Julio Cortazar and his (near) Infinite Book

Julio Cortazar’s Hopscotch is a masterful literary creation and is one of those books that can be called genius.

The story told within the book is rather simple and is summarised well by Wikipedia:

http://en.wikipedia.org/wiki/Hopscotch_%28Julio_Cort%C3%A1zar_novel%29

Also here is the Wikipedia page for Julio Cortazar himself:

http://en.wikipedia.org/wiki/Julio_Cort%C3%A1zar

One of the things to highlight in Hopscotch is that Cortazar’s sublime writing is as close to “Jazz writing” as one can get. When Cortazar hits his stride he truly does resemble an improvising jazz musician, taking risks and letting the music follow its own course, rather than forcing it. Although Cortazar is a writer so replace music with writing. But Cortazar did play Jazz trumpet while living in Paris as a hobby.

But main point of this piece of writing is the structure of the book, which is genius. The Wikipedia page explains this very well. The point is this structure allows for a near infinite ways to read Hopscotch. As an aside this structuring can also be applied to a certain chapter in the book. Chapter 36 is written as two chapters running parallel to each other. One line is one chapter, and the next line is the next chapter. The reader has to hopscotch through the chapter. Firstly, the book can be read by just reading the first 56 chapters. Secondly the book can be read by inserting the remaining chapters from the expendable section. They can either be inserted into the text in the right order, or be read as a sort of odds and ends to the main story.

Alternatively the reader could read the first part of the book set in Paris and leave it there. The same applies to the second part set in Argentina. Then the expendable chapters could be read as short stories. Also on the page were Cortazar outlines the books structure he states that the book itself can be seen to contain many short stories, which could mean each chapter could be read independently of each other. You could also read the book cover to cover, and then do the same backwards. This would also apply to each of the set of chapters.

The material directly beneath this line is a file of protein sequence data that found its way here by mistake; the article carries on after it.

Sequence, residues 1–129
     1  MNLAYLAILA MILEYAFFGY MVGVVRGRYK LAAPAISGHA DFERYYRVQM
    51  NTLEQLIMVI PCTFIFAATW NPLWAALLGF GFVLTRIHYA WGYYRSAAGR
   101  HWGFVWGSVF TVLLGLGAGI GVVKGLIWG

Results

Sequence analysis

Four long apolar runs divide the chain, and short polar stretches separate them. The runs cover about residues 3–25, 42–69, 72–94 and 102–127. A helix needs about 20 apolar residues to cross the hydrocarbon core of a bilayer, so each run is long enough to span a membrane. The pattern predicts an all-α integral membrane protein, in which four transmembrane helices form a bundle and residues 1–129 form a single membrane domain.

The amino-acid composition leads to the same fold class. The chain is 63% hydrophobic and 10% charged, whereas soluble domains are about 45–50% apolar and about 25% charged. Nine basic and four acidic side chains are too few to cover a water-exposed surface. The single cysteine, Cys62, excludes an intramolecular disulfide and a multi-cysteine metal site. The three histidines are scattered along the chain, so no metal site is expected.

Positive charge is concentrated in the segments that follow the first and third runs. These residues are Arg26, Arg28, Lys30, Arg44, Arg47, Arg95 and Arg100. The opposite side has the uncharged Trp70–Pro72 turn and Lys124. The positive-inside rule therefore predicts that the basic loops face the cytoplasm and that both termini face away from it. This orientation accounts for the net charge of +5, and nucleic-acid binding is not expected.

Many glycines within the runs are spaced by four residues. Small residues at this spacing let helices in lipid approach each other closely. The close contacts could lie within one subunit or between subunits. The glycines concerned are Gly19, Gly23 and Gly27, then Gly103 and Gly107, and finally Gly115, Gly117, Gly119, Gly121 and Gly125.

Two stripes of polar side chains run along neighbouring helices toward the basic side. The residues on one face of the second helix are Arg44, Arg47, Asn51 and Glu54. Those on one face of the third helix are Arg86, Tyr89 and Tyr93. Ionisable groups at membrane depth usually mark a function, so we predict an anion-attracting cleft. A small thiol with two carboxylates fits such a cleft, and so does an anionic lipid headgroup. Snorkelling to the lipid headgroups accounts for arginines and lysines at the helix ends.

Reading Hopscotch could be taken as far as reading it as a cut up. In theory you could take all the pages and reorganise them to your heart’s content, and then read Hopscotch, creating new juxtapositions in the text that were not present before.

All in all, the book can be read in order the reader wishes. As many ways as you can combine the chapters is the number of ways Hopscotch can be read. Apparently the book can also be read by reading all the even pages, and then all the odd pages.

And to take the book to an ultimate dada conclusion, you could write all the chapters on a piece of paper, cut that paper up and place it in a hat. The order that you take out the numbers is the order in which you would read the book.

Jorge Luis Borges, another great Argentinian writer wrote a short story called The Book of Sand. It is about a man who comes into possession of an infinite book. The book can never be fully read and each page, once turned disappears into infinity. While we will never see an infinite book I feel that Julio Cortazar’s masterpiece is the one that comes closet to being an infinite book, and the closest real life companion to Borges fictional book of sand.

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About skyraftwanderer

A person who enjoys writing short story things, poetry and other random things that come into my head.
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